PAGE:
PLEASANT POINT, Maine — Shirley Mitchell has worked at Beatrice Rafferty School on the Passamaquoddy Reservation for more than 30 years, including a 5-year stint as principal. She recently came out of retirement and now teaches first-graders.
When she got the news Wednesday that federal funding — an estimated $18.5 million — would be approved to replace the aging, troubled building, she had a one word response: “Awesome.”
“We definitely need a new one,” said Jack Maloney, a physical education teacher supervising children on the playground. “That’s for sure.”
U.S. Reps. Chellie Pingree and Mike Michaud announced Wednesday that the omnibus budget bill passed in the House of Representatives that same afternoon included funding to replace the Beatrice Rafferty School. The budget bill also was expected to be approved by the Senate by the end of the week.
The bill includes funding for just one Bureau of Indian Education School in the entire country. The amount of the appropriation will be $18.5 million, according to a Pingree spokesman, which will fully fund the project.
“The Beatrice Rafferty School has been on a list of schools that have been targeted for replacement for ten years,” said Pingree and Michaud in a joint statement. Students and staff have been exposed to “dangerous and unsafe conditions including weakened walls and mold.”
“It’s a terrible learning environment for the 125 students and their teachers, but this funding is going to bring an end to those problems and allow the community to build a new school.”
The school serves children in grades K-8 who live on the reservation as well as other Native American children from Calais, Eastport and Perry.
The school is located at one end of the tribal property, with views of Passamaquoddy Bay across the street. It was constructed in the 1970s, and a major addition tacked on in the late 1970s or early 1980s, according to assistant principal Dana Mitchell. He described a litany of building and facilities-related problems the school has experienced in the past 10-15 years.
“It’s not just one thing,” said Mitchell. “It’s a collision of conditions.”
The building has experienced repeated problems related to roofing, exterior walls, and even the foundation. Among the repairs, contractors have refurbished and braced exterior walls, replaced roofs, repointed and refurbished brick veneer and fixed structural issues with the foundation.
Over the years, as leaking roofs caused water damage and mold, the school had mold abatement work done. Ceiling tiles in many places are still stained where the leaks occurred.
“It’s a constant. … This has been ongoing,” Mitchell said of the repairs.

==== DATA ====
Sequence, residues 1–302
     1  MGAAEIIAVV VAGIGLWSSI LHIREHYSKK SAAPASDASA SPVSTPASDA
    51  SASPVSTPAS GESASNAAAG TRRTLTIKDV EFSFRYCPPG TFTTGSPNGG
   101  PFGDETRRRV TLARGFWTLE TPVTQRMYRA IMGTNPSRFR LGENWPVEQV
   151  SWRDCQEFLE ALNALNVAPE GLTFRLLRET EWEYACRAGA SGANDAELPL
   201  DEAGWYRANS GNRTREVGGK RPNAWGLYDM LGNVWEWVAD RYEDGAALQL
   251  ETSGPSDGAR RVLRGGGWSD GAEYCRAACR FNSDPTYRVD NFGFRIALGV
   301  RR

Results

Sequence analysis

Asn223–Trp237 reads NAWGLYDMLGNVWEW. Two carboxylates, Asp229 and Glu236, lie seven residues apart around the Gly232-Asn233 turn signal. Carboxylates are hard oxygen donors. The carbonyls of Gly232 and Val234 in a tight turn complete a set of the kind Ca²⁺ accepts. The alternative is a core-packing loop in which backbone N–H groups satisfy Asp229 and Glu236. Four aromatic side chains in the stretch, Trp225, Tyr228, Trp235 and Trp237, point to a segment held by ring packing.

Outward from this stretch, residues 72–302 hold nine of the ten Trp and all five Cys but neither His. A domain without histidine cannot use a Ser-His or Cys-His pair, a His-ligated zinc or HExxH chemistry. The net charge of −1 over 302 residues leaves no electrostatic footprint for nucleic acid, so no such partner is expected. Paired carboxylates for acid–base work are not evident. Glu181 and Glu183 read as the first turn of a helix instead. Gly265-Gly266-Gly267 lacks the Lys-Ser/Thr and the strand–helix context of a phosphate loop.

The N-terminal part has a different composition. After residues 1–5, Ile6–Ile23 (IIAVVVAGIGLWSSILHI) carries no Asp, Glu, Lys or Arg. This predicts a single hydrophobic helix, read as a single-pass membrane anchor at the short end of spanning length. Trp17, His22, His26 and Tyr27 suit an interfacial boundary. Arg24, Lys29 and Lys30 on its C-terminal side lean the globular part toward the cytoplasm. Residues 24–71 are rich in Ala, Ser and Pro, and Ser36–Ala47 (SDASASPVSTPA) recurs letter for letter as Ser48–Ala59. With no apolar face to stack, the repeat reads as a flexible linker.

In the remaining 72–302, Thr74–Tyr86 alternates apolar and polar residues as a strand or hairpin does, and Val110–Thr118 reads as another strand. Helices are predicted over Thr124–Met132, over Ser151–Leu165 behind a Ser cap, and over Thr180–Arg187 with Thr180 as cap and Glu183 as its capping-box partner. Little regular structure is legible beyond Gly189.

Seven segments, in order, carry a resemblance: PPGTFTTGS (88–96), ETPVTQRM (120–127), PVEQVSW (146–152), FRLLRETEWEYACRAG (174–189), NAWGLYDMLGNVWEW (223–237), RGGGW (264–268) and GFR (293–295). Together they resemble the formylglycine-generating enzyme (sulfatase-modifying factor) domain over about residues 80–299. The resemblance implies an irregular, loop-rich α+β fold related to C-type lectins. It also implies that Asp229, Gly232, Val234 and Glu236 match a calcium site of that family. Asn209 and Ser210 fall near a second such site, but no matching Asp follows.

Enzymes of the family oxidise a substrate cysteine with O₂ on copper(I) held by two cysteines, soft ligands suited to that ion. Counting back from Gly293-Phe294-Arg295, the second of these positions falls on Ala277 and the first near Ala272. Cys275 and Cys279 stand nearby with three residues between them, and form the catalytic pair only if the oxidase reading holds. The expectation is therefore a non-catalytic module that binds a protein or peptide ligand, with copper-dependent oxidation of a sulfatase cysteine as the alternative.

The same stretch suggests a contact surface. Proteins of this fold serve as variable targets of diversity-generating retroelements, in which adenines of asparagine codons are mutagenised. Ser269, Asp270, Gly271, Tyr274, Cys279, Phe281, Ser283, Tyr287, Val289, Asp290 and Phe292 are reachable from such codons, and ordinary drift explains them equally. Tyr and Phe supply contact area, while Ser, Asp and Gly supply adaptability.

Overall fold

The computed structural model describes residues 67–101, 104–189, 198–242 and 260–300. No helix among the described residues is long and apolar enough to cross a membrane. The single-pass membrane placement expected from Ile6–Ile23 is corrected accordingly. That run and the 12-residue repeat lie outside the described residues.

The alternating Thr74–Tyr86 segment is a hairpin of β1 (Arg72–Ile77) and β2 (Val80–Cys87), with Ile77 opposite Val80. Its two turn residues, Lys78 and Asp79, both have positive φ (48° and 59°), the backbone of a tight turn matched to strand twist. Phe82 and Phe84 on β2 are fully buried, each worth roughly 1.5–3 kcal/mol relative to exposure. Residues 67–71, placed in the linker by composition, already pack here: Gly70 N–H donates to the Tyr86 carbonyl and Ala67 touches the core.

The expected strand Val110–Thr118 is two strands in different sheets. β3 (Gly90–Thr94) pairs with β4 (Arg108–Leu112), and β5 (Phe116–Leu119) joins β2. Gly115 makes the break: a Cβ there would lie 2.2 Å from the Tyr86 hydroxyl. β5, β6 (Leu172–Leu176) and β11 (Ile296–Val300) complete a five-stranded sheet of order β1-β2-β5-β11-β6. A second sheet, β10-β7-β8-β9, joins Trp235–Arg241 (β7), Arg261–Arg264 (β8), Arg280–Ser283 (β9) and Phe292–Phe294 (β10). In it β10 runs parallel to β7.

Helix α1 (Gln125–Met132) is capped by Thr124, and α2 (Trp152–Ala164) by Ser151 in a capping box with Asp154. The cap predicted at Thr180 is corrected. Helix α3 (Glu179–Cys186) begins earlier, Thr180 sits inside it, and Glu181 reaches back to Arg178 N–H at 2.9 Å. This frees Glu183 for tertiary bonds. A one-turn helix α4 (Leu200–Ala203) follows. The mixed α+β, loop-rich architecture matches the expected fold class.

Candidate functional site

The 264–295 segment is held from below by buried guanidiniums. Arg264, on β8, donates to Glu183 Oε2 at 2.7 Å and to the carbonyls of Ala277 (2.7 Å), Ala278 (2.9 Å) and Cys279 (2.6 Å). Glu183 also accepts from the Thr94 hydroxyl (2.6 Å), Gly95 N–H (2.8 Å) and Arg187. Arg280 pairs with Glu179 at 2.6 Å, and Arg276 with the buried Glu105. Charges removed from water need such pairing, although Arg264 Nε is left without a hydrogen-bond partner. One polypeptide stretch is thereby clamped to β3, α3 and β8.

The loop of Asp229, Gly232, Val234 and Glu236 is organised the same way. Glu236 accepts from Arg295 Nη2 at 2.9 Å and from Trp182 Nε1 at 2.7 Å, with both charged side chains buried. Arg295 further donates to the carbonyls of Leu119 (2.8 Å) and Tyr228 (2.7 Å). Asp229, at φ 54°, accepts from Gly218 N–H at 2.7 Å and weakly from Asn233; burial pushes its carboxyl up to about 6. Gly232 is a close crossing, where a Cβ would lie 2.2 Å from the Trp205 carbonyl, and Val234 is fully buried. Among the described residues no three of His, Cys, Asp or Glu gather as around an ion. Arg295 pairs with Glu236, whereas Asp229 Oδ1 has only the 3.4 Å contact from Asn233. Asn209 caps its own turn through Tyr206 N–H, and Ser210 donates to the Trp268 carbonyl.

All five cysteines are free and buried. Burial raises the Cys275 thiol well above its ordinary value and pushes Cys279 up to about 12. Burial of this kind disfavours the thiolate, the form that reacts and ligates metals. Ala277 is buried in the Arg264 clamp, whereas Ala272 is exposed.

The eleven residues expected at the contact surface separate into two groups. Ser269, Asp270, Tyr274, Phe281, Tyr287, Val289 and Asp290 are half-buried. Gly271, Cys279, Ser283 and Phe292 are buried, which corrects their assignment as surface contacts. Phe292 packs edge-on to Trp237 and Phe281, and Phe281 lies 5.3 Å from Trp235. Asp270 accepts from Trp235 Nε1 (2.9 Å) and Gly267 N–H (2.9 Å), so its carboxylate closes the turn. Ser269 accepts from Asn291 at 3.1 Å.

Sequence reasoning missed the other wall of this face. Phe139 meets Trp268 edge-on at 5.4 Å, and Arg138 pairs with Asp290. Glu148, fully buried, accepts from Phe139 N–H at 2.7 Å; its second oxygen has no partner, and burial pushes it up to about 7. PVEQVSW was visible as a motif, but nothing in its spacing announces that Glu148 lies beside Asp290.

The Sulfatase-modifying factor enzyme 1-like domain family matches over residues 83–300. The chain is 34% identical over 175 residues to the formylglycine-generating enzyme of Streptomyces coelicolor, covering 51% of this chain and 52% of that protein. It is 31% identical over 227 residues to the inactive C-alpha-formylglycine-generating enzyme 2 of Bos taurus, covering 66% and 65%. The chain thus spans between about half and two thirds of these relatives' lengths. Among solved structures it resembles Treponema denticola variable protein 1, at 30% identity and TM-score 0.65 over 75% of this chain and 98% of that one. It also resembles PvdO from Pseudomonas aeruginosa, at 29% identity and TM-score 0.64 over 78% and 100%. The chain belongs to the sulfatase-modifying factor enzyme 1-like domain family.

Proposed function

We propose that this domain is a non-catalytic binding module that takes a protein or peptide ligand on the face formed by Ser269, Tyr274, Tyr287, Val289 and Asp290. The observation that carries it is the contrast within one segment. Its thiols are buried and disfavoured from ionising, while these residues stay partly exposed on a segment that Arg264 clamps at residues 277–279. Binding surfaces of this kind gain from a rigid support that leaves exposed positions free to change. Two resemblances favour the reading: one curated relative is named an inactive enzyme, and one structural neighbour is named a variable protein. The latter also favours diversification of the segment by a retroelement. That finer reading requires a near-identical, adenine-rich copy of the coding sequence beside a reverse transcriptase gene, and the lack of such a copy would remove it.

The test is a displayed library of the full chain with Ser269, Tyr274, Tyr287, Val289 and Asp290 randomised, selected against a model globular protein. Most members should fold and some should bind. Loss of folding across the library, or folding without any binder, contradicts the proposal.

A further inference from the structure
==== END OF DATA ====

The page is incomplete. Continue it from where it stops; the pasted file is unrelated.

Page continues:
The building is not suited for new technology either, noted principal Michael Chadwick. “Dana works out of a closet,” he added, and there is little storage space.
Unlike schools in other rural communities, the student body is growing. The number of students has grown about 30 percent in the past three years, according to Chadwick, because of young families having children.
“Our population is surpassing the size of the school,” said Chadwick. The school is using a portable classroom with a tunnel leading to it to accommodate the growth spurt.
Chadwick was informed of the good news about the funding on Tuesday evening by Ron Jenkins, superintendent of Maine Indian Education, an agency of Maine’s Native peoples, prior to a meeting of the Pleasant Point School Board. The reaction of the school board, he said, was: “Finally. It’s been a long time.”
The new school will be constructed on 17-20 acres where the tribal offices are now located. In return for giving up tribal land for the new school, the tribe will receive a payment from the federal government, according to Chadwick. The old school building, which is owned by the federal government, will be offered to the tribe as surplus government property. Passamaquoddy Tribal Governor and Chief Clayton Cleaves could not be reached for comment Wednesday.
Ground could be broken for the new school later this year, said Chadwick. “We’ve done a lot of work toward this new school. We’ve been waiting for someone to say go.” A lot of the planning and design work has been done, and a project manager has been in place for about a year.
Chadwick notified school personnel of the good news in an email that started with, “This is an email I’ve been waiting to write for a long time,” he recalled.
Pingree is a member of the Interior and Environment Appropriations Subcommittee, which has jurisdiction over this funding. At a hearing last February, she made the case for funding the construction to Kevin Washburn, assistant secretary of Indian affairs in the Department of the Interior.